Dopaminergic pharmacological manipulations in normal humans confirm the specificity of the visual (PERG-VEP) and cognitive (P300) electrophysiological alterations in Parkinson's disease.

P. Stanzione, F. Fattapposta, M. Tagliati, C. D'Alessio, M. G. Marciani, A. Foti, G. Amabile

Research output: Contribution to journalArticlepeer-review

Abstract

Retinal and occipital visual evoked potentials and event-related potentials (P300) have been recorded in normal human subjects before and after the administration of the dopaminergic receptor antagonist, haloperidol, and/or the dopaminergic precursor L-DOPA. The data show that either retinal or occipital visual potentials and P300 are delayed by haloperidol. These findings are consistent with the hypothesis that haloperidol in healthy subjects mimicks the electrophysiological abnormalities observed in Parkinson's disease. On the other hand, L-DOPA does not generally modify these latencies in normals, while it is known to decrease the same parameters in parkinsonian patients. This is in accord with the involvement of a specific mechanism in the recovery observed in parkinsonian patients after L-DOPA therapy. Our data confirm that the alterations of visual and cognitive potentials observed in Parkinson's disease are closely related to the impairment of dopaminergic transmission.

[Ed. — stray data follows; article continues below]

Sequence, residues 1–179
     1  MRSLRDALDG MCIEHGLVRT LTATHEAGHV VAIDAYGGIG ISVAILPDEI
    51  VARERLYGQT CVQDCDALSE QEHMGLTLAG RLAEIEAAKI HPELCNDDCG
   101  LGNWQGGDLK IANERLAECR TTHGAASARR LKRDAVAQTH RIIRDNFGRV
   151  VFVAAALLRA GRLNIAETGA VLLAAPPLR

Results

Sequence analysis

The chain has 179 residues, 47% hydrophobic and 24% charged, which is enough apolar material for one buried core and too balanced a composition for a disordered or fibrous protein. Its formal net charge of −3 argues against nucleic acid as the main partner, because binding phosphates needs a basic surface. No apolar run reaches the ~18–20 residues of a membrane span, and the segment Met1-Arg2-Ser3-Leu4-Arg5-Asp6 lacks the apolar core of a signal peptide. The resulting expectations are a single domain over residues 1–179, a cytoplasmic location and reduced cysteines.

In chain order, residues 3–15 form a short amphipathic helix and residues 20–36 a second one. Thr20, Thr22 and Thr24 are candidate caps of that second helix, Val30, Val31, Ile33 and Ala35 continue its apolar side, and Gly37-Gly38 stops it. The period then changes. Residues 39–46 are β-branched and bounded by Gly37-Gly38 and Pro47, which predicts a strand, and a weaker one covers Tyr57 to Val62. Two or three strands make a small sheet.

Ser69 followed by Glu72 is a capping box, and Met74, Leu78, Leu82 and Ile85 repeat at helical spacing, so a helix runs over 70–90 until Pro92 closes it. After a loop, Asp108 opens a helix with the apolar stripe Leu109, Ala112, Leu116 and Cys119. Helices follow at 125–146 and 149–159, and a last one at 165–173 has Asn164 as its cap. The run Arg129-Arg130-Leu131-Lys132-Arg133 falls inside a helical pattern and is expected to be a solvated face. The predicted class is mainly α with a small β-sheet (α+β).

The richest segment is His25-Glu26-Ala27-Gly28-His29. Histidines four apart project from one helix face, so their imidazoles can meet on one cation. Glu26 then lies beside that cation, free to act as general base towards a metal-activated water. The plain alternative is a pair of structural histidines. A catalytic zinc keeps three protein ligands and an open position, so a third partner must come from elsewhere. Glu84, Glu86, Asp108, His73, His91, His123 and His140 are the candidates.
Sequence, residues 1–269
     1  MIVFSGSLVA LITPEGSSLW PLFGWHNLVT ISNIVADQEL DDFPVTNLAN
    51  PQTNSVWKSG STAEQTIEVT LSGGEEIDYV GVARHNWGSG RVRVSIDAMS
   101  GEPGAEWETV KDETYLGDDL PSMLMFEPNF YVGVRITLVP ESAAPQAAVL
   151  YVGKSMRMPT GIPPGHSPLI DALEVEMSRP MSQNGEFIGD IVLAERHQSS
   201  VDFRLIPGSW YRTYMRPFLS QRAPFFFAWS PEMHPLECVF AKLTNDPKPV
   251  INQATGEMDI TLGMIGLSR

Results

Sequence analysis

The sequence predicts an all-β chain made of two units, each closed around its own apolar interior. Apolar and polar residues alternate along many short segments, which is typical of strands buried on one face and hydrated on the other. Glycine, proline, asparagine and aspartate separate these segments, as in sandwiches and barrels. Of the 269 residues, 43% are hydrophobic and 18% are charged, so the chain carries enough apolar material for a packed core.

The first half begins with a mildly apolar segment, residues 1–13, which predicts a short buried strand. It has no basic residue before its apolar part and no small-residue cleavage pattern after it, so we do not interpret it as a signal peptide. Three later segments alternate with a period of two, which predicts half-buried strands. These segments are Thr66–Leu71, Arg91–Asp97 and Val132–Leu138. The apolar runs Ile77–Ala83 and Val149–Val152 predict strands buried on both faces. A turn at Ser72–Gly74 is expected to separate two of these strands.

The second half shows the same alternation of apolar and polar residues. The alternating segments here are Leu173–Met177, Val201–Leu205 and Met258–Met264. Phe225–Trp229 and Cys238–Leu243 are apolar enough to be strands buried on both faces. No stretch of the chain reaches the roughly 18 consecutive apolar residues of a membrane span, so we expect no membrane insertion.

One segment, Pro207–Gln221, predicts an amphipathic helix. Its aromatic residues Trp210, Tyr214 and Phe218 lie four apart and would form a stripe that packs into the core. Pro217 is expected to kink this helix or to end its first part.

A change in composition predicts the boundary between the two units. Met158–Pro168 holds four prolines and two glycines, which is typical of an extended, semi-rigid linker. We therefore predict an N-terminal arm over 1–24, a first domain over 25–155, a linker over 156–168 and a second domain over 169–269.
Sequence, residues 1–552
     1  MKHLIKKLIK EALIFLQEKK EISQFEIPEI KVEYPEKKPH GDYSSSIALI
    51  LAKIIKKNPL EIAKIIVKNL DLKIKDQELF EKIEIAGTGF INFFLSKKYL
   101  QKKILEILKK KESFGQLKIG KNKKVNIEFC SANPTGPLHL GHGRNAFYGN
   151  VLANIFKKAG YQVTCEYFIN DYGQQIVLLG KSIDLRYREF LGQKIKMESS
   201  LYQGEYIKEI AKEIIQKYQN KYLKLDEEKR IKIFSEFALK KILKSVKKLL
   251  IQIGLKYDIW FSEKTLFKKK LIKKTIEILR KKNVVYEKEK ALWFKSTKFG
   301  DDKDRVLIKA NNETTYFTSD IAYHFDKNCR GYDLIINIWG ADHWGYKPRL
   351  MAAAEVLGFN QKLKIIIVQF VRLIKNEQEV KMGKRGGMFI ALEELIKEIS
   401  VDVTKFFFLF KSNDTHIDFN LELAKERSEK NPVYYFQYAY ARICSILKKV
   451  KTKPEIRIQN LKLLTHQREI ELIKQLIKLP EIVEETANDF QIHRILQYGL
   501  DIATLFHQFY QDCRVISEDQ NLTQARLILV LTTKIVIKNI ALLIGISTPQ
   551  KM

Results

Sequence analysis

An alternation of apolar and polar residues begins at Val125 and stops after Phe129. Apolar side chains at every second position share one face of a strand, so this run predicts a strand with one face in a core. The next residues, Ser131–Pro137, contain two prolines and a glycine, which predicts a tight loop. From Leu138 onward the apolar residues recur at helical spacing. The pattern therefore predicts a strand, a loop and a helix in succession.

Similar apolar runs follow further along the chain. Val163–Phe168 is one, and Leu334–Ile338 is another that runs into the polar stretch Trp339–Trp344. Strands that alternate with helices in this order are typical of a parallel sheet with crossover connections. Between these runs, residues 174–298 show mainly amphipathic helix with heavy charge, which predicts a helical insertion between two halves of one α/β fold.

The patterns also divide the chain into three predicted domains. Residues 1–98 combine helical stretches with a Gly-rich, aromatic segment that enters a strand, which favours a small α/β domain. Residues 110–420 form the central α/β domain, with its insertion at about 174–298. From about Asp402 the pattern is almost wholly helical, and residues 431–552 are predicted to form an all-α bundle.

Original languageEnglish
Pages (from-to)216-220
Number of pages5
JournalElectroencephalography and clinical neurophysiology. Supplement
Volume41
Publication statusPublished - 1990

ASJC Scopus subject areas

  • Medicine(all)

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